TRAINER: The September Program


by Courtney Walberg, RD, NASM-CPT | CW Nutrition for Body & Mind

The July and August Training programs focused on a variety of different exercises including cardio, core, resistance, strength and agility exercises, will leave you feeling fit and fast.  This month, we are going to bring you exercises to keep that summer swim body as the fall rolls in. We will focus on your core musculature, which includes 29 muscles total.  Chronic low back pain affects 85% of the U.S., which is largely attributed to a weak or inefficient core. It is vital to strengthen your core as this is your center of gravity and your central point for movement.

Aside from looking great, building a strong core can yield greater athletic performance (improve your running speed, increase power in agility drills and increase your vertical for sports like basketball or volleyball). It can also reduce the likelihood of injury and reduce the amount of existing pain you experience. It is important to remember that no matter how many crunches or core exercises you do, your diet is equally important if you want to show off those toned abs.  The Registered Dietitian in us can’t help but throw out a diet tips: eat a balanced diet including fresh fruits and vegetables, lean proteins, whole grain carbohydrates and low-fat or nonfat dairy products.  The link between nutrition and fitness is the key to overall health—looking and feeling great!

Warm up:

The goal of the warm up is to get your heart rate up and muscles warm and loose, to prevent injury in your preceding workout.

  1. 25 Jumping Jacks
  2. 25 Push-ups
  3. Stretch

On Monday, Wednesday and Friday, start your workout with the 8-minute ab routine below. Think of it as the “core” part of your day. All of the exercises utilize your own body weight and can be done anywhere.

Core Training

 

THE SEPTEMBER PLAN:

 

MONDAY: Cardio

 

 

 

TUESDAY: Push Strength Circuit

WEDNESDAY: Cardio – The 10-10-10 Workout

  • Jog lightly for 10 minutes, preferably on the grass or dirt path (Goal of 8-10 minute per mile pace is a good range, depending on your current endurance stamina). Think of it more as a warm-up pace.
  • Find an open space, preferably on the grass of 100 yards (football field is best). Do ten 100-yard sprints (back and forth), as fast as possible. Rest 30-60 seconds between each sprint.
  • Jog lightly for 10 minutes. (Goal of 8-10 minutes per mile pace is a good range, depending on your current endurance stamina). Think of it more as a cool-down pace.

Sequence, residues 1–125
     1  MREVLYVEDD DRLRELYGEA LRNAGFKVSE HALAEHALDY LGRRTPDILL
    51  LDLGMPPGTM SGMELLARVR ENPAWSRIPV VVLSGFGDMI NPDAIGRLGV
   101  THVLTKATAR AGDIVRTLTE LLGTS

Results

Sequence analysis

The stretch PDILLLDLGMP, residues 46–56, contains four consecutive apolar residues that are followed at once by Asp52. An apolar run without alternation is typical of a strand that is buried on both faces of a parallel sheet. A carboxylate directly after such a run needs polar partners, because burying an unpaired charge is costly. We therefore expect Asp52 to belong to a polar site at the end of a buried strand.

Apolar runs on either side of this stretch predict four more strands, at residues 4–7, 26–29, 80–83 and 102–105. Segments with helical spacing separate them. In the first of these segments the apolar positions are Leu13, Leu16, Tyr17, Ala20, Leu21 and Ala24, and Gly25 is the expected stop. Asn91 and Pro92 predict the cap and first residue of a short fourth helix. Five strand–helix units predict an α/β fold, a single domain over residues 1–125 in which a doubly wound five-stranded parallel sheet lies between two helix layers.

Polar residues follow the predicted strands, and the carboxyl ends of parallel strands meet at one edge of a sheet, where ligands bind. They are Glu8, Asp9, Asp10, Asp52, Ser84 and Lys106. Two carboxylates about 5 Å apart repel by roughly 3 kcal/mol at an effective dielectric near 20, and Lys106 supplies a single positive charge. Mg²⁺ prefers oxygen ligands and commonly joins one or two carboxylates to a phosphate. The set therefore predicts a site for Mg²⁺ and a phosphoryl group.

• Finish this workout with an extra 5-10 minutes of stretching to stimulate all muscle groups, and keep them loose and relaxed to prevent injury and overuse. Stretching is crucial to prevent lactic acid buildup in the muscles and leave them prepared for the next day’s workout.

THURSDAY: The 300 Strength Challenge

FRIDAY: Swim Day

Cool down this summer and become efficient in the water. For this workout, the pool is recommended, but it can also be done in the ocean (may need to be altered depending on the tide, waves, etc).

Swimming is a great total body workout. However, hydration is key in this sport because you cannot tell how much you are sweating while in the water.

The Workout: Swim 150 yards to warm up. Now swim 25 yards, counting your strokes. (Each time you reach out with one hand, right or left, it counts as one stroke). Rest as needed, and then repeat three more times, trying to reduce the number of strokes each set. Afterward, perform two sets of 300 yards. Then do four sets of 25 yards, counting your strokes again. Finish with a light 100 yards to cool down.

 

SATURDAY: Pull Strength Circuit

 

SUNDAY: Yoga or Pilates

Use this day for “recovery” and to improve your flexibility.  Increased flexibility helps prevent injuries and reduces joint and muscle aches and pains.  It is also important to allow time for your muscles to repair themselves.  Adequate protein, fruits, vegetables, whole grains are great to replenish your glycogen and muscle stores. Hydration is equally important. Drink at least 8 cups of water per day. Weigh yourself before and after your workouts, and drink 12-24 ounces of water per 1-pound water weight lost during your workout (because quick weight loss is likely due to fluid).

References:

  1. Clark, Micheal, Lucett, Scott, and Corn, Rodney. National Academy of Sports Medicine Eseentials of Personal Training. Third Edition. Baltimore: Lippincott Williams & Wilkins, 2008.
  2. Men’s Fitness. Weider Publications, LLC. 20 August 2010. The American Media Inc Fitness and Health Network. Ab Exercises.
  3. Women’s Fitness. Women’s Health Online. 22 August 2010. Insider’s Guide to Stability Ball’s: Exercise equipment.

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09 2010

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